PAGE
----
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Space Cowboy

The loopy oeuvre of Sam Rockwell, America’s sweetest badass.

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Most people come to Sam Rockwell sideways. Maybe they happen across one of his forays into the mainstream—his bad guy in Charlie’s Angels, say—and something snags their attention: the crackle of anarchy behind his eyes, the improvisatory scat of his line readings, or maybe just the way he seems to be grooving on his own badassness. So they start looking for him in other films. They might spot him in the sweetly inane Star Trek spoof Galaxy Quest, or as a con man in alligator boots in Ridley Scott’s Matchstick Men, gently stealing scenes from under Nicolas Cage’s nose. Now they’re ready to make a gesture of serious commitment. They rent Confessions of a Dangerous Mind, Snow Angels, or Moon, all indie films in which Rockwell stars, giving transfixing performances as men slowly losing their minds. At which point, they know they’re looking at an actor with all the voltage of a young Gary Oldman plugged into a very American playfulness—gentle, puckish, lemurlike.

“I remember seeing him very early on in Woody Allen’s Celebrity and thinking, Who is that guy?” says Christopher Walken, who co-stars with Rockwell in the new play from Martin McDonagh, A Behanding in Spokane (opening March 4). “Sam makes intelligence palpable, but he also has that playful quality that all great actors have. It’s remarkably similar to watching a kid make things up.”

I meet Rockwell at Angus McIndoe restaurant on 44th Street, close to where he’s been rehearsing. “I’d forgotten what hard, hard work theater is,” says the 41-year-old actor, who’s skinnier than you’d expect, fine-featured, with a thin aquiline nose. He orders vegetable soup, then drinks it straight from the bowl—tipping it up until it runs into his mouth—before moving on to a packet of chewing gum: one, two, three pieces. “I have this thing for eating too many pieces of gum,” he says, a little apologetically. Rockwell has a slight air of having been raised by wolves, but very considerate wolves who write thank-you notes after they’ve eaten all your sheep. When another actor recognizes him and heads over to the table—“Hi, Sam? We read together once?”—Rockwell shoots out of his chair to reassure the guy. “Of course, man, nice to see you, man, nice to see you … ”

Spokane is a black comedy about a small-town guy (Walken) being scammed by a couple in his efforts to get his left hand back. There’s an explosion, plenty of blood, and a prying hotel clerk played by Rockwell. “Pulp Fiction meets Arsenic and Old Lace,” is how he describes it. He says he’s tried to limit the number of off-the-wall roles he plays, but “people like Martin write these amazing parts and they’re oddballs, but such great oddballs. You go, ‘Oh, I’m just gonna do leading men,’ but I wouldn’t have gotten to work with Martin or Ron Howard on Frost/Nixon—that was a great supporting part, like Hotspur in Henry IV. So you can’t make rules,” Rockwell adds. “I’ve tried to sell out. It just never quite works.”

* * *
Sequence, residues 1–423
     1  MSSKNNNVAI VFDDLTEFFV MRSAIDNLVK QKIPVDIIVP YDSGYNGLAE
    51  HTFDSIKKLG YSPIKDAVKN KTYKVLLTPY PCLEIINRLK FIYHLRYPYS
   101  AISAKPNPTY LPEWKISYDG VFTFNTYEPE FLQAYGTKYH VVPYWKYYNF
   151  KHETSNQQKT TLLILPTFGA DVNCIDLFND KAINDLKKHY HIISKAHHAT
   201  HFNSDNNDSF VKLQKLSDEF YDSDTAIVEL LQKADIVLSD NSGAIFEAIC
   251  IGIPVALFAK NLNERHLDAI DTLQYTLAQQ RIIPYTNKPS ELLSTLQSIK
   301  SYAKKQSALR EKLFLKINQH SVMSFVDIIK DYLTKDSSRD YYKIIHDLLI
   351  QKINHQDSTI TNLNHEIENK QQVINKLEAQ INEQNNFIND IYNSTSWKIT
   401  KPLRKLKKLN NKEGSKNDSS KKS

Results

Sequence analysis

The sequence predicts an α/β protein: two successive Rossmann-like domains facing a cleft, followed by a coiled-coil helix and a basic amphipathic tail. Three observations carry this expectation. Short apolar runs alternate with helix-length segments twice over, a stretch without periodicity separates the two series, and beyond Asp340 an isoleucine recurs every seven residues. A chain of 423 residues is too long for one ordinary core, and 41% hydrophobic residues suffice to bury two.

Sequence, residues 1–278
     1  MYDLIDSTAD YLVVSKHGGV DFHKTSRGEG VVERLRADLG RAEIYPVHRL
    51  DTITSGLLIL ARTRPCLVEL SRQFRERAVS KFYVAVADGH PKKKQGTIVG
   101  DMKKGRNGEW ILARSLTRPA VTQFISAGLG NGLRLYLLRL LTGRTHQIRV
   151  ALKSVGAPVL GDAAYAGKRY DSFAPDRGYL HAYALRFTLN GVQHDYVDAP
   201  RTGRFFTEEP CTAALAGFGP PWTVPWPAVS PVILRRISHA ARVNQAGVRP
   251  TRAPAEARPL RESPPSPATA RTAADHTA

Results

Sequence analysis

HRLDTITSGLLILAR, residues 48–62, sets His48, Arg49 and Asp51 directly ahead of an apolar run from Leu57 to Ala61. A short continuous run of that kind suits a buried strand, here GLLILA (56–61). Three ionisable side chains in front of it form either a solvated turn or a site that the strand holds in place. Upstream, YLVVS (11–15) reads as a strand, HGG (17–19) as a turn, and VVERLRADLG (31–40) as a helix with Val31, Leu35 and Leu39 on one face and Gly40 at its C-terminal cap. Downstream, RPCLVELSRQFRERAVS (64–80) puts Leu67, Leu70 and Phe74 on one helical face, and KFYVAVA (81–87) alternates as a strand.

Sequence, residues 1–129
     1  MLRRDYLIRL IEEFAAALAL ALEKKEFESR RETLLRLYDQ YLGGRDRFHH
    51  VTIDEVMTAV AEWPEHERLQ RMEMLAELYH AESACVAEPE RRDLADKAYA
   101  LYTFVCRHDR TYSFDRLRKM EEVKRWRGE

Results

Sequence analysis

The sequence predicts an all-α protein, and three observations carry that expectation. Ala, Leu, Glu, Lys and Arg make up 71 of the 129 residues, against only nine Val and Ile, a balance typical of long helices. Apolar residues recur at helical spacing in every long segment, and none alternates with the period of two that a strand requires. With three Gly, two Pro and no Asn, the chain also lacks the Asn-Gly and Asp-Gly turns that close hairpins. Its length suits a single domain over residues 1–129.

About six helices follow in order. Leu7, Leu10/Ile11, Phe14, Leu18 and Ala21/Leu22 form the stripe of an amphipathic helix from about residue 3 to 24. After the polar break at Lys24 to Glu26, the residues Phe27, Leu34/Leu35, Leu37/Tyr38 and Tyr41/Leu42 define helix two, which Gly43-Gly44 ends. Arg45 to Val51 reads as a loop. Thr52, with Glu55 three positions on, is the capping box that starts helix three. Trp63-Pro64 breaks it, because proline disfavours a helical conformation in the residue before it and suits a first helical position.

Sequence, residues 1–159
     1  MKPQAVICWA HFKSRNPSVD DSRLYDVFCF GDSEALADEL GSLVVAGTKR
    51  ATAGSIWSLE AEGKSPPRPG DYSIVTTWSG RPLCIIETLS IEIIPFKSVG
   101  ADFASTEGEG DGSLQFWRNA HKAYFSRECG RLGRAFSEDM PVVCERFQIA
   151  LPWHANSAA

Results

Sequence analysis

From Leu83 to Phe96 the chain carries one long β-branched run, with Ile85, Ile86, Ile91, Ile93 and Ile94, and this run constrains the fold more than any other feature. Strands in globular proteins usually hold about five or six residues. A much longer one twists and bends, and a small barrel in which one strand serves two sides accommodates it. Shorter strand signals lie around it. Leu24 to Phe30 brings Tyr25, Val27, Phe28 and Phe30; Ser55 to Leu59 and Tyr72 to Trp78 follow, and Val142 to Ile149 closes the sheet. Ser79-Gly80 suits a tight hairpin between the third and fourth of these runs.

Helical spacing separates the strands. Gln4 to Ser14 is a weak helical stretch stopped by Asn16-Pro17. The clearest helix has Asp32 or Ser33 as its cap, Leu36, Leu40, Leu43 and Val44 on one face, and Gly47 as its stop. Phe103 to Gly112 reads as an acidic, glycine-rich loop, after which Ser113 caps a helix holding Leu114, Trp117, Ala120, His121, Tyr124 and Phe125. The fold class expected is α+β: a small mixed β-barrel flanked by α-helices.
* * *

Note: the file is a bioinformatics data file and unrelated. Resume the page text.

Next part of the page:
Spokane is the first work of the Irish playwright’s to be set in America. “Whenever I write an American character, I’ve always got Sam’s voice in my head,” says McDonagh. “He’s so consistently surprising. You can never quite put your finger on him, whether he’s the hero type or the bad guy. There’s a danger and an edge, but he’s got great comic timing too, which is perfect for this play.”

The other day during rehearsals, Rockwell and Walken got to swapping stories about their similar upbringings. By the time he was 16, Walken had posed naked in a calendar (admittedly as a baby), tamed a lion, and acted opposite Jerry Lewis. By the time Rockwell was 10, he’d acted in his first play, seen his first bare-breasted women, and smoked a joint. “I think that’s something Chris and I have in common, we were exposed to such weird stuff,” Rockwell says. “I was exposed to things that kids aren’t exposed to. It takes a lot to shock me—maybe that makes me a bit strange. I don’t know.”

Both of Rockwell’s parents were actors. But when he was 5, they separated, and he went to live with his father in San Francisco, visiting his mother in New York in the summers. “She couldn’t afford a babysitter, so she would take me to work. She used to sing telegrams for a living. She sang one to Jack Lemmon once. We’d go to the Greek coffee shops and order coffee, and I would get rice pudding and then she would take me to rehearsals with her.” It was a “magical” time, he has said, but also profoundly disorienting: One minute Rockwell would be backstage with a bunch of guys smoking dope and kissing girls, then “I would go back to the very provincial life in San Francisco.” When he moved full-time to New York, at 18, “I was just looking for adventure—for action. Like Holden Caulfield.”


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